The Day After 54.0: Oilers need more offence from throughout lineup, head coach says

Photo credit:Perry Nelson-USA TODAY Sports
Zach Laing
1 month ago
Issues ailing the Edmonton Oilers always seem to be everchanging.
Some nights, they don’t start games on time. Others, they fall asleep in the second period. Sometimes, they can’t get saves.
However, one issue that has plagued the Oilers all season long is the lack of offence from their bottom-six.
And after dropping Friday night’s game against the Minnesota Wild 4-2 — one they should’ve closed out — head coach Kris Knoblauch was candid about getting more from the club’s third and fourth lines.
“You would like a little more offence from throughout your lineup,” he said after the game. “Five-on-five, you would like little more contributions from everybody.”
“As long as they’re pushing the pace and putting more time in the offensive zone, usually things work out.”


Both the teams looked sluggish to start the night, with a deflating first period that ended with Matt Boldy, an Oiler killer, scoring with 23 seconds left. He added another goal partway through the third period that helped bury the Oilers, lifting his goal total against the them to five, going along with 10 points in seven games played. He hasn’t scored more points against any other team in the NHL, but that’s a story for another paragraph.
Even with the deficit after one, Edmonton rallied back with a Leon Draisaitl power play goal, one of two the top unit would score on the night.
“Your top two lines, as good as they are, can’t produce every single night,” Knoblauch added, highlighting how that’s exactly what happened last night.
For Knoblauch, the Oilers’ inability to get juice out of their bottom six has become a growing issue that can’t be ignored anymore. So much so, that for what might be the first time in his tenure, he began double-shifting Connor McDavid and Leon Draisaitl. It came with both getting shifts throughout the night centering Dylan Holloway and Corey Perry, leaving Derek Ryan by the wayside with just three minutes of five-on-five time.
According to Natural Stat Trick, both lines had a single scoring chance, with Draisatl’s lines being of a high-danger chance. It didn’t help that offensive blackhole Connor Brown was saddled to Mattias Janmark and Ryan McLeod on the third line, either, with the trio controlling 30.4 percent of the expected goal share.
The Oilers’ top-six lines, however, were all over the ice. McDavid, Zach Hyman and Warren Foegele combined for nearly a full expected goal, while Draisaitl, Evander Kane and Ryan Nugent-Hopkins combined for .58.
These are the “pushing the pace and putting more time in the offensive zone” things that Knoblauch talked about being important. But when it’s coming from your top-six and not your bottom-six, it begins to become a problem.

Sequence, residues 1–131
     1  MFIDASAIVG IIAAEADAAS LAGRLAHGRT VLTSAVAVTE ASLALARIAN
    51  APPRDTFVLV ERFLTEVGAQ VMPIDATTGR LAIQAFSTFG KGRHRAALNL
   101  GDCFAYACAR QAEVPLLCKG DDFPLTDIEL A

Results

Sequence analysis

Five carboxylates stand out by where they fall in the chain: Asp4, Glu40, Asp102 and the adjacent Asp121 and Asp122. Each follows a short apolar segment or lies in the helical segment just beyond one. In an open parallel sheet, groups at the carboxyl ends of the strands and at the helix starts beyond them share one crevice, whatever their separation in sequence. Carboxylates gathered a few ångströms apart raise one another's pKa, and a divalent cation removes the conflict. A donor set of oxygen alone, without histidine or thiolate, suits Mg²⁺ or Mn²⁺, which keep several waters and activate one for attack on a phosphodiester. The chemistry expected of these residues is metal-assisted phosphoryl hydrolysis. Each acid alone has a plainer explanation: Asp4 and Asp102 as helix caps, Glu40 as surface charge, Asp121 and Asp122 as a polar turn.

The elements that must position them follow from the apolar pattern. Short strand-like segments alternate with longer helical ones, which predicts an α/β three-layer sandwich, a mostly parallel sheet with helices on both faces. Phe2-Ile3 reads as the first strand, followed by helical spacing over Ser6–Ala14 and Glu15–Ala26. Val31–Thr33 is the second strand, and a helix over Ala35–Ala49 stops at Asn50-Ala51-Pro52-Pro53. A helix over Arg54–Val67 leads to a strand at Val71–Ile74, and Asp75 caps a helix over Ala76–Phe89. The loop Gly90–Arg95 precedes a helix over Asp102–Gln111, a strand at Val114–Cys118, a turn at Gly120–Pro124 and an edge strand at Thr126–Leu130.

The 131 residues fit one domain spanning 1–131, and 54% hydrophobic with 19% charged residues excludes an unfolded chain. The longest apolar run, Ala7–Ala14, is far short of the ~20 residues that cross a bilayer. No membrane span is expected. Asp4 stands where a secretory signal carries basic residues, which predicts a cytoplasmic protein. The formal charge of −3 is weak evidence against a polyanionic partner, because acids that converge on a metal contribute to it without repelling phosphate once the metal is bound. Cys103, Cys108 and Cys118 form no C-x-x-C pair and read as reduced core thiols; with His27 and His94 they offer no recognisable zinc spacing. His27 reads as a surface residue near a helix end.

It’s one that isn’t unique to Edmonton but is more drastic than others.
Five-on-five data from Natural Stat Trick highlights this when looking at all 32 teams this year. The Oilers, whose 2.81 goals per hour rank eighth in the league, plummet to 1.75 goals per hour when their top two centers, McDavid and Draisaitl, are off the ice — placing them 27th in the league.
No team in the NHL, however, sees such a drastic drop-off when their top two centers are off the ice as the Oilers do.
The top two centers are looked at through the largest sample size of the season, and they highlight just how valid Knoblauch’s comments are. And while it’s not an exact science, looking at a team’s offence when their top two centers are on the ice is a good enough proxy for depth scoring.
One could say the Oilers are in “good” company, given that other teams around them in the standings — the Colorado Avalanche and Dallas Stars — are both in very similar spots in terms of how significant the difference in offence from their top-six to their bottom-six.
That, however, is no excuse for them not to extract as much as they can from a trade market teeming with players who could contribute in a third-line role, chipping in offence. Vladimir Tarasenko’s one name that keeps popping up, and he is someone who, with the Ottawa Senators, has shown an ability to drive offence and produce on their third line.
Because when looking at other teams in the standings who the Oilers are jockeying for playoff position with — the Vegas Golden Knights and LA Kings —they’re getting notable contributions from their bottom-six.
Contributions from the bottom six are imperative to winning the Stanley Cup. Looking at each of the last 10 teams who lifted Lord Stanley’s Mug, the average difference of scoring vs. scoring without their top two centers on the ice is -.21, half of what this year’s rate is for top-six vs. bottom-six scoring.
All in all, this data paints a picture of an Oilers team that needs to seriously consider adding scoring to their third and fourth lines ahead of the NHL’s trade deadline. After all, they got a taste of what a team who can score like the dickens with and without their stars on the ice last year in the Golden Knights.

Zach Laing is the Nation Network’s news director and senior columnist. He can be followed on Twitter at @zjlaing, or reached by email at zach@thenationnetwork.com.

Check out these posts...